Human Rights (Disability Assist Dogs Non-Discrimination) Amendment Bill

Human Rights (Disability Assist Dogs Non-Discrimination) Amendment Bill

Member’s Bill

28—1

Explanatory note

General policy statement

This Bill amends the Human Rights Act 1993 to include a definition of disability assist dog and thus makes it clear that if any individual, organisation or business discriminates against a person, for example by denying a service to that person, on the basis that the person has or uses a disability assist dog, then they are in fact denying the service to a person on the basis of their disability, and therefore discriminating against them.

A disability assist dog, as set out in the Dog Control Act 1996, is: a dog certified by an organisation specified in that Act as being a dog trained to assist (or as being a dog in training to assist) a person with a disability.

This change is needed because disability assist dogs perform an invaluable service to many New Zealanders living with disability who rely on the skills of their disability assist dog to enable their participation in society on a daily basis.

Trained disability service dogs are able to perform a wide variety of tasks, depending on their owner’s particular disability. It could be that the dog alerts someone with a hearing loss to noises such as alarm clocks, telephones, kitchen timers, doorbells, and fire alarms; or retrieves objects for a person who uses a wheelchair.

These are just some examples of the many ways in which disability assist dogs play a critical role in enabling many New Zealanders to participate fully in society. Their purpose is quite different to a pet or everyday domestic animal, and because of their crucial role in the lives of many disabled people, it is essential that they are viewed and treated differently by the law.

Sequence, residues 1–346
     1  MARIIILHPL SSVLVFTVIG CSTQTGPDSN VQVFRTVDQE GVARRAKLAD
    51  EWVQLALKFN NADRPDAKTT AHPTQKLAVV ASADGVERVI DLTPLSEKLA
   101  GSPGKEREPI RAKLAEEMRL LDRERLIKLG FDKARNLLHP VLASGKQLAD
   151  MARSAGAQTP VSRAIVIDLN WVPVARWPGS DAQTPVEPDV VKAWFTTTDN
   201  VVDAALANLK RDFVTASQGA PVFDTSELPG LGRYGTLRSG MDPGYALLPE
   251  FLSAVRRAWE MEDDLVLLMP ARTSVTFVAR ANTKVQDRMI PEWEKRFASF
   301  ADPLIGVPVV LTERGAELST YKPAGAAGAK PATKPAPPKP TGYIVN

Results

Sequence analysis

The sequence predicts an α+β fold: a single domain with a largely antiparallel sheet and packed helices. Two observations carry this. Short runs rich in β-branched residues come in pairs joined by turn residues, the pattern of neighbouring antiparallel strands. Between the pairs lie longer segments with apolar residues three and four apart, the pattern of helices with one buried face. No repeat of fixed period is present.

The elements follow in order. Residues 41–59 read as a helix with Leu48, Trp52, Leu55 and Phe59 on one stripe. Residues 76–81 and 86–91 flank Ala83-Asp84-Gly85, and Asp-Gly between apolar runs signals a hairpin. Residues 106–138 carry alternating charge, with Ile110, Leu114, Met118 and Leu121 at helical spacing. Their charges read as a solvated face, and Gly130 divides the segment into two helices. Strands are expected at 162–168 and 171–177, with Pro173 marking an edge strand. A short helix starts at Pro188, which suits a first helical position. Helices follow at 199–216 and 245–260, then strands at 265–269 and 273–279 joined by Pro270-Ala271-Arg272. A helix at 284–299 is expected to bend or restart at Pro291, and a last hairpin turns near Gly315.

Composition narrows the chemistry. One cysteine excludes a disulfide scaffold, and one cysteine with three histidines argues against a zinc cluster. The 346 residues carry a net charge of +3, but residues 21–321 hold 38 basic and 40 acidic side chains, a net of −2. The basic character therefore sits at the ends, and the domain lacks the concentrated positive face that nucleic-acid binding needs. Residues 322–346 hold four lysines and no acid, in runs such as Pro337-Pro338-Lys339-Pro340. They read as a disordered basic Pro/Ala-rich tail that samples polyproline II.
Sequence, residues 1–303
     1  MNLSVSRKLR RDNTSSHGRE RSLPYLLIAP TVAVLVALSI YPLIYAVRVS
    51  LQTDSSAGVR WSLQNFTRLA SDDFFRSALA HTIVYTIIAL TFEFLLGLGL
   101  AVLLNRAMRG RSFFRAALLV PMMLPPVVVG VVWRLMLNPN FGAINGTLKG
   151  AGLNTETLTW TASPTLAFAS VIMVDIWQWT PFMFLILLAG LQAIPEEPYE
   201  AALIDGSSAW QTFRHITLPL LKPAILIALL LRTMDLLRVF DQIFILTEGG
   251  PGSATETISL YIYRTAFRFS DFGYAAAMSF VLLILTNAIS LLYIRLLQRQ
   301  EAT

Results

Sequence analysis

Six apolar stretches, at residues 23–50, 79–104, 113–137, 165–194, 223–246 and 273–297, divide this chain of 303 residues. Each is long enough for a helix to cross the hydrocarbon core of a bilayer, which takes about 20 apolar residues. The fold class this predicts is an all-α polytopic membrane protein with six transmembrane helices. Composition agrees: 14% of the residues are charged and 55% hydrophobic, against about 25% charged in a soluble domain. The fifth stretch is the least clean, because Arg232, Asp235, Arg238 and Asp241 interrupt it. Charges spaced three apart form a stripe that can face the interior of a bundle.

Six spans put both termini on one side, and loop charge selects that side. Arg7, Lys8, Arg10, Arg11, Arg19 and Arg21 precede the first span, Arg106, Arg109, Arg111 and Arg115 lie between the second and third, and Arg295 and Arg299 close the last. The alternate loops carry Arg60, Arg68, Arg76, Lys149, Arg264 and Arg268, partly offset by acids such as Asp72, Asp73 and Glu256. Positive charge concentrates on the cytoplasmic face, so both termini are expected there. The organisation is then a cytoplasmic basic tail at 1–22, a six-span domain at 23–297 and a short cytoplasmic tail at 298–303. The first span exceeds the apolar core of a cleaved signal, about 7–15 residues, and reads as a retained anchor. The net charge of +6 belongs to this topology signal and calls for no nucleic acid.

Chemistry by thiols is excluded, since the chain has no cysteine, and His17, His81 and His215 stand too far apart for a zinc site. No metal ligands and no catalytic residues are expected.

There is anecdotal evidence that there are New Zealanders living with disability who have disability assist dogs and are being denied access to some services based on that fact.

An example of a service that will be affected by the Bill would be in the provision of accommodation. This Bill would mean that no person can be discriminated against while applying for rental housing solely on the basis that they have and use a disability assist dog.

Clause by clause analysis

Clause 1 is the Title clause.

Clause 2 is the commencement clause and provides that the Bill comes into force on the day after the date on which it receives the Royal assent.

Clause 3 provides that the Bill amends the Human Rights Act 1993 (the principal Act).

Clause 4 amends section 2, which relates to interpretation, by inserting a definition of disability assist dogs.

Clause 5 amends section 21, which relates to the prohibited grounds of discrimination, by replacing a reference to guide dogs, in the part of the provision relating to disability as a prohibited ground of discrimination, with a reference to disability assist dogs, thus broadening that prohibited ground of discrimination.

Ricardo Menéndez March

Human Rights (Disability Assist Dogs Non-Discrimination) Amendment Bill

Member’s Bill

28—1

The Parliament of New Zealand enacts as follows:

1 Title

This Act is the Human Rights (Disability Assist Dogs Non-Discrimination) Amendment Act 2021.

2 Commencement

This Act comes into force on the day after the date on which it receives the Royal assent.

3 Principal Act

This Act amends the Human Rights Act 1993 (the principal Act).

4 Section 2 amended (Interpretation)

In section 2(1), insert in its appropriate alphabetical order:

disability assist dog has the same meaning as in section 2 of the Dog Control Act 1996

5 Section 21 amended (Prohibited grounds of discrimination)

In section 21(1)(h)(vi), replace “guide dog” with “disability assist dog”.